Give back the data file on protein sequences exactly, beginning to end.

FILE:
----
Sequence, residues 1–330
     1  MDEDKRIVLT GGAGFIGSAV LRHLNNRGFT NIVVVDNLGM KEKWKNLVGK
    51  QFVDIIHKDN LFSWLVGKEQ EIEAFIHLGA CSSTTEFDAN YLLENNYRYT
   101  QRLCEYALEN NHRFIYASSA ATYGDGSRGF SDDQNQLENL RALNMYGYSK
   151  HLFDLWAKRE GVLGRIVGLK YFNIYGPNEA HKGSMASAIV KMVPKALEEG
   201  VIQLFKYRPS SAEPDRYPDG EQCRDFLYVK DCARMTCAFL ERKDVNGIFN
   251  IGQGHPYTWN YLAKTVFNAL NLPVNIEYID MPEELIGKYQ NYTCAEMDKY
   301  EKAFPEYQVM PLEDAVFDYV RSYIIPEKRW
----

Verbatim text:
Sequence, residues 1–330
     1  MDEDKRIVLT GGAGFIGSAV LRHLNNRGFT NIVVVDNLGM KEKWKNLVGK
    51  QFVDIIHKDN LFSWLVGKEQ EIEAFIHLGA CSSTTEFDAN YLLENNYRYT
   101  QRLCEYALEN NHRFIYASSA ATYGDGSRGF SDDQNQLENL RALNMYGYSK
   151  HLFDLWAKRE GVLGRIVGLK YFNIYGPNEA HKGSMASAIV KMVPKALEEG
   201  VIQLFKYRPS SAEPDRYPDG EQCRDFLYVK DCARMTCAFL ERKDVNGIFN
   251  IGQGHPYTWN YLAKTVFNAL NLPVNIEYID MPEELIGKYQ NYTCAEMDKY
   301  EKAFPEYQVM PLEDAVFDYV RSYIIPEKRW